Here’s one musical anniversary that’s been buried under the juggernauts of various other composers… 2010 is the 50th anniversary of the death of Matyas Seiber, who was probably the UK’s most sought-after composition teacher but was tragically killed in a car crash at the age of 55. Above, a photo from his centenary celebrations in 2005: his daughter, Julia Seiber Boyd, surveys the poster based on Gerard Hoffnung’s affectionate caricature.
On Tuesday evening (6th April) at the Hungarian Cultural Centre in Covent Garden we are holding a special anniversary event in which I’m chairing a panel comprising Julia herself and two of Seiber’s pupils, composers Hugh Wood and Alan Gibbs, to explore and celebrate his life and work. Tickets are free, but you need to book in advance via the HCC.
To say Seiber was a ‘musical chameleon’ isn’t saying enough: I can think of few other composers with quite such a mind-boggling range of styles, all of them crafted up to the nines. Born in Hungary, he was a pupil of Kodaly and toured with him to collect Hungarian folk songs; Kodaly’s influence is more than clear in his early works. In 1927, his Serenade for wind sextet was entered for a Budapest competition; when it did not win first prize Kodály and Bartók both resigned from the jury in protest.
That same year Seiber became the world’s first professor of jazz, in Frankfurt. This endeavour was cut short when the Nazis came to power, and Seiber, who was Jewish, moved to Britain, where his many musical activities included writing the music for, amongst other movie projects, the animated film of Animal Farm, conducting the Dorian Singers, working for the music publisher Schott’s, teaching at Morley College, helping Hungarian composers affected by the 1956 Revolution get an artistic foothold in the UK – including Ligeti – and writing jazz material for John Dankworth. Under the pseudonym GS Mathis he composed short pieces of jazz and a book about how to learn the accordion.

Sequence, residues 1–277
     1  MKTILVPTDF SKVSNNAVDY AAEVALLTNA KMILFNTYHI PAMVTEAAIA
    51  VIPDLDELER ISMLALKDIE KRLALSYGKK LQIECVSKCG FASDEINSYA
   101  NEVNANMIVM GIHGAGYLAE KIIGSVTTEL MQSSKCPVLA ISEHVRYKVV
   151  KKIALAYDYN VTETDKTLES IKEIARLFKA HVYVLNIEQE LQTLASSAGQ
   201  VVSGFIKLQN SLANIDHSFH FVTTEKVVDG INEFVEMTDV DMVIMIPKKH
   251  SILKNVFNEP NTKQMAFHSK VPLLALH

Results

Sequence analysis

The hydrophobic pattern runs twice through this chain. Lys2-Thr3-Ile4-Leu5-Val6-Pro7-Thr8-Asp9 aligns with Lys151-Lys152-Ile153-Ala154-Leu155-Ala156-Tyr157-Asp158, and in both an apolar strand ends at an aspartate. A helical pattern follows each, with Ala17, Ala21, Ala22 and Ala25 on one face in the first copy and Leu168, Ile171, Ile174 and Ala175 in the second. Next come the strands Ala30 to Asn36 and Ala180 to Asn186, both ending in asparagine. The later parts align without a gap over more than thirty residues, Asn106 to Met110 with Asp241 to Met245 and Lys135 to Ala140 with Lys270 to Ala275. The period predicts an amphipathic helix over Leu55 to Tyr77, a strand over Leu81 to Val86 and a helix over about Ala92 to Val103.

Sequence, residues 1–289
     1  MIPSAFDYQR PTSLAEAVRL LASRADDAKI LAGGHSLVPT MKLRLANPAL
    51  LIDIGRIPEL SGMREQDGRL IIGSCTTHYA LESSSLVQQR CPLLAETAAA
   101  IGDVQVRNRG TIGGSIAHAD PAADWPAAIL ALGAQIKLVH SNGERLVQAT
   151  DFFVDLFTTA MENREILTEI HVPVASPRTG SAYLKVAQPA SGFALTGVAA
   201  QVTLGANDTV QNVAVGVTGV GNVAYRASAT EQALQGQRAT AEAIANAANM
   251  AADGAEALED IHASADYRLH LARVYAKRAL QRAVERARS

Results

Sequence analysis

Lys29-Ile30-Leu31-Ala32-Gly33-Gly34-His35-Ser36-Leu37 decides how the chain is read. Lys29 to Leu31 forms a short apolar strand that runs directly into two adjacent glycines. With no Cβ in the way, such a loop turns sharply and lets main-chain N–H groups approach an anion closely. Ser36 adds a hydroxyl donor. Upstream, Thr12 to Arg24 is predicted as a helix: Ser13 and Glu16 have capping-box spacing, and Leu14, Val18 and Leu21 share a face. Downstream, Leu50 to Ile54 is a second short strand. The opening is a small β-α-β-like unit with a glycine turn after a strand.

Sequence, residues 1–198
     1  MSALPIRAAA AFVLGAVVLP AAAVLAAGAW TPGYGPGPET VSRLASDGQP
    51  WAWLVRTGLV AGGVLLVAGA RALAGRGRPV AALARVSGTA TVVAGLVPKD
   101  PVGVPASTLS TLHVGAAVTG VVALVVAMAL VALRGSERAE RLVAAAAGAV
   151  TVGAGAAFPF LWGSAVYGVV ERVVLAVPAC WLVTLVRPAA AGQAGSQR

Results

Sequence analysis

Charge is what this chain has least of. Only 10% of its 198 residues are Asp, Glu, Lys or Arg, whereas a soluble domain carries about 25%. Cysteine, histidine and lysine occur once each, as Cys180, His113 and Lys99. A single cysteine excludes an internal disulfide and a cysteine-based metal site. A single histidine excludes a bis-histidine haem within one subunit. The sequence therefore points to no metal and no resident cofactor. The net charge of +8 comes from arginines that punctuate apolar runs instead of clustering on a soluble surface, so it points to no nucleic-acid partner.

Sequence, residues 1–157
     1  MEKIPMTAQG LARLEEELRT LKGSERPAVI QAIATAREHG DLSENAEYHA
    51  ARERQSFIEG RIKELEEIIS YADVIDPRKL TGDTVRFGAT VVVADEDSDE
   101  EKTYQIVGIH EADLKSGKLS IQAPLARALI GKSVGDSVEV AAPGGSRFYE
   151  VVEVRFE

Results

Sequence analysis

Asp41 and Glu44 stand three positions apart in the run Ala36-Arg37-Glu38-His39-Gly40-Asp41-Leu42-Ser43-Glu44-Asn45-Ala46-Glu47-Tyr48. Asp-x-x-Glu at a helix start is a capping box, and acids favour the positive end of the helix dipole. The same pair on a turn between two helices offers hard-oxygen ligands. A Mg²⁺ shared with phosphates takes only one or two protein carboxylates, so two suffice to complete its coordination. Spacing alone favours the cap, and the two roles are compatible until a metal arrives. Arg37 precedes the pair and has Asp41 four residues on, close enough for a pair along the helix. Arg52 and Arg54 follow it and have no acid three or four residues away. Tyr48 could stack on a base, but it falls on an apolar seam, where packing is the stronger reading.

Meanwhile he set words from James Joyce’s Ulysses – possibly his finest work, it’s due out soon in a BBC recording on CD – and took to Serialism in a big way. Julia tells me that his correspondence features letters to and from almost all the great musical figures of the day. He even wrote a popular song, ‘By the Fountains of Rome’, that made it to the Top Twenty in 1956 and won him the Ivor Novello Prize. Perhaps the question is not so much “what did he do?” as “what didn’t he?”
In a nice full-circle-turning coincidence, Hugh Wood was one of my teachers. I used to be absolutely terrified of his fugue class! Alan’s son, Robert, is a wonderful violinist and leader of the Birmingham Royal Ballet’s Sinfonia. Julia is the chairperson of the Cambridge-Szeged Society, which twins Britain’s gorgeous old university town with Hungary’s and is a focal point for celebrations of Hungarian culture in the area.
Here is a section from Animal Farm, which dates from 1954 – an extremely interesting assignment for an exiled Hungarian in what turned out to be two years before the uprising. In this extract, the animals burn the accoutrements of their oppression under the rule of Farmer Jones, then go in to explore his house and subsequently set out to create their supposed new utopia… The spoof Soviet anthem they sing around the bonfire must have been one of the Dorian Singers’ odder assignments, and the light touch of the score plus the utter precision of coordination between music and image is absolutely masterful. Seiber himself is conducting. Enjoy. The rest of the movie is on Youtube too.
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